Navigating Property Division After a High-Net-Worth Divorce

May 28, 2024

Generally, high net worth households are those which have an annual income exceeding $300,000 or a net worth over $5 million.

Equitably dividing the assets that make up a matrimonial asset pool of such magnitude can be complicated and can take a long time.

The property settlement process will generally be the same as those with smaller asset pools, and the property settlement will still be governed by the rules of the Family Law Act (1975 (Cth), however it will generally take longer to ascertain the assets, liabilities and contributions of each party, especially if the marriage or de facto relationship was long.

It is imperative that parties with a high net worth seek advice from a reputable family lawyer early.

The financial aspects involved in high net worth divorce property division.

Understanding High Net Worth Divorce Property Division

As with all property settlements, there is a five-step approach utilised by the Court to determine an equitable division of assets. This five-step approach is as follows:

  1. Identify all assets and liabilities and thereby determine the value of the asset pool;
  2. Determine whether it would be just and equitable for each party to walk away with the assets held in their own names;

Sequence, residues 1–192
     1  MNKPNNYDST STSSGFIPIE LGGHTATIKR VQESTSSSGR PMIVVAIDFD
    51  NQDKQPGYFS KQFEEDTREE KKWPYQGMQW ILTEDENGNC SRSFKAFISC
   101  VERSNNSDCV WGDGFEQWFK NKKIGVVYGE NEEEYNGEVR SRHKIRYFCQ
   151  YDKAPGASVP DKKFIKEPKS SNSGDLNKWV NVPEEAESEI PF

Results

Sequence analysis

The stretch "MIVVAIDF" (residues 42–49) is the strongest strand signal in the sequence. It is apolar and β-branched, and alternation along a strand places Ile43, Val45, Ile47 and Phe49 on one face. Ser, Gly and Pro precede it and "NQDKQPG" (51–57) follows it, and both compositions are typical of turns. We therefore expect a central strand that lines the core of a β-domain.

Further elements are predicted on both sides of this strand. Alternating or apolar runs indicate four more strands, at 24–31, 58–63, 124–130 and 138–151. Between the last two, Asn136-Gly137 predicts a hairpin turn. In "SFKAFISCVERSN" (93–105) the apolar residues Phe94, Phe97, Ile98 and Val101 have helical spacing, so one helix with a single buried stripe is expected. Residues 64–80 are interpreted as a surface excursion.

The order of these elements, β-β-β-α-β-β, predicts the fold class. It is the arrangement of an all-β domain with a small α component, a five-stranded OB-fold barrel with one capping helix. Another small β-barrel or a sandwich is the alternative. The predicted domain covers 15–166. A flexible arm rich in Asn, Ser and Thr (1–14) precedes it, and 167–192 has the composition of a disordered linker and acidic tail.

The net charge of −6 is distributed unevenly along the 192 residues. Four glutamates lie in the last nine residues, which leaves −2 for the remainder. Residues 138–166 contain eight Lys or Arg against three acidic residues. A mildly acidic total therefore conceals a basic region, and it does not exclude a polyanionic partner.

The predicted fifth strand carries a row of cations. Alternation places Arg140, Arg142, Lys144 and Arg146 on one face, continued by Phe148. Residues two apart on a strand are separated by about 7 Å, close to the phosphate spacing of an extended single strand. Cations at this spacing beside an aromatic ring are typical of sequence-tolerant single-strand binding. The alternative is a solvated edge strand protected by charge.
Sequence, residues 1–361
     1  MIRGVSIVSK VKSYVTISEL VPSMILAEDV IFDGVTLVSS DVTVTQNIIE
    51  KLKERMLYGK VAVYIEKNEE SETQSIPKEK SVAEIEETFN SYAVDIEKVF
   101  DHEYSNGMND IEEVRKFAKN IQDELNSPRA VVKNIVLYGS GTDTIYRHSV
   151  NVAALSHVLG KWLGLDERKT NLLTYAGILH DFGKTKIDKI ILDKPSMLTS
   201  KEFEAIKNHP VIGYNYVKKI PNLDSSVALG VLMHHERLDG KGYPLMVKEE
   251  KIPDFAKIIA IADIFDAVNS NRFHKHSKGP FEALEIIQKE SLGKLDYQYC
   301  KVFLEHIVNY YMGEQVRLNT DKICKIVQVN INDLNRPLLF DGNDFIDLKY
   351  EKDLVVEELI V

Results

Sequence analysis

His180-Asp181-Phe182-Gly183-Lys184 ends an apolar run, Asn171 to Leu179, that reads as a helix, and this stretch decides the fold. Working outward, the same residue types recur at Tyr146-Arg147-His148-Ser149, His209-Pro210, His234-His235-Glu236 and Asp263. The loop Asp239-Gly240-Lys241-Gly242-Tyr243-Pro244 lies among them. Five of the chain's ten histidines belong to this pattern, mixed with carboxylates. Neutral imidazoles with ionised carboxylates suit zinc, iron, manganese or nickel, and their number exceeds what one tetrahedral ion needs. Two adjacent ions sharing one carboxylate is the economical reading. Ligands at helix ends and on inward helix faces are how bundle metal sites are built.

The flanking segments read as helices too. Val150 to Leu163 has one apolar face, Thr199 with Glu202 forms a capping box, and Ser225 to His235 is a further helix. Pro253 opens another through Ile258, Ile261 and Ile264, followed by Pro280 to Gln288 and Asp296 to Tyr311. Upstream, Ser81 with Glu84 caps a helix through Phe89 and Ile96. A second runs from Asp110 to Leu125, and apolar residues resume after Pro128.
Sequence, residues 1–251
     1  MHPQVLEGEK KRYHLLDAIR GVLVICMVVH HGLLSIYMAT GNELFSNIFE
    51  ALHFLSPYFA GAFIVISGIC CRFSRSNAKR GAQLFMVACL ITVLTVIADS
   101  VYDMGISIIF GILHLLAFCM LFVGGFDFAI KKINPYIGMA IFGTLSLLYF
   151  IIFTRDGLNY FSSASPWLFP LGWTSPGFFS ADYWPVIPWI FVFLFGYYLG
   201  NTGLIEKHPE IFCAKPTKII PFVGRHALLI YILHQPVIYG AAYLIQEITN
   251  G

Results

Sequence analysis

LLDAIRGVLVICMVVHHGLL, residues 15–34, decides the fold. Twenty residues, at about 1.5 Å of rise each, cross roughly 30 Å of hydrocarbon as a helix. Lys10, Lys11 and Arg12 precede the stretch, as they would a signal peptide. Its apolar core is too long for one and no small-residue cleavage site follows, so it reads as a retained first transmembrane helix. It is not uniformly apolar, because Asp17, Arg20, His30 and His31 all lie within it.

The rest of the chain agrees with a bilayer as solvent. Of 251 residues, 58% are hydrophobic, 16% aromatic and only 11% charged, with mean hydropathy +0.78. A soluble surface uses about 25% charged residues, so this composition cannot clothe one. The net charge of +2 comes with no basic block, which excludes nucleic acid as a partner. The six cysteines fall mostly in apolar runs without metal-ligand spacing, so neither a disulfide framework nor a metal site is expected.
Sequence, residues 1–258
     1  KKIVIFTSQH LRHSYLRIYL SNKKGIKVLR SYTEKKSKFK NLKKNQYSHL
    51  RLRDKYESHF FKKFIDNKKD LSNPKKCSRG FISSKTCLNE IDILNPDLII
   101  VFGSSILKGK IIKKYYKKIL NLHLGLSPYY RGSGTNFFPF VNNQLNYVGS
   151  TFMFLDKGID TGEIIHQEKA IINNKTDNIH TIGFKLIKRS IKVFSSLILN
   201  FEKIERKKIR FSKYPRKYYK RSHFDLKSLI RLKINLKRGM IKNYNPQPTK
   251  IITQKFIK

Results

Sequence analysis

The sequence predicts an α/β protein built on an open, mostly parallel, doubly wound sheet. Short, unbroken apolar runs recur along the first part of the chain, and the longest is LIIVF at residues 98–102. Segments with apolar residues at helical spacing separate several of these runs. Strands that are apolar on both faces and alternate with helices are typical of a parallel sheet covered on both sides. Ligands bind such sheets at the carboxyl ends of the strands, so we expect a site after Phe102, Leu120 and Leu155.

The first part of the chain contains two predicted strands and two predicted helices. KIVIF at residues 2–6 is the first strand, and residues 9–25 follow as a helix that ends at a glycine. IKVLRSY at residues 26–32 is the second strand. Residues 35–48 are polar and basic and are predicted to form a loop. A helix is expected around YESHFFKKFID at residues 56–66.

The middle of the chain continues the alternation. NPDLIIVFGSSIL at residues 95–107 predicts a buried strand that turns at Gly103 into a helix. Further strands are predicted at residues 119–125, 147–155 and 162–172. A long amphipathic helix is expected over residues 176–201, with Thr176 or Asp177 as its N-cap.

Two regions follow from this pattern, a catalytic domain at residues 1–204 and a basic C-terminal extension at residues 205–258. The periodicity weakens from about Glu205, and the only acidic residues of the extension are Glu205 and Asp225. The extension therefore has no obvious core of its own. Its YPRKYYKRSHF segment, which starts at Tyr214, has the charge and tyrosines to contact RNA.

3. Assess the financial and non-financial contributions made by both parties;
  4. Evaluate the future needs of each party; and
  5. Review the proposed division of assets to determine if it is just and equitable.

Challenges in High Net Worth Divorce Property Division

There are a number of challenges that parties to a high-net-worth property settlement may face, including:

Hiding assets

One common issue with high-net-worth property settlements is the hiding of assets.

Parties have a duty to disclose all assets and liabilities to ensure the division of assets is just and equitable.

It is common for parties of high-net worth marriages to want to keep their assets and to think they are entitled to hide certain assets because they are solely held in their name. This can be particularly relevant where assets are held in other countries than Australia.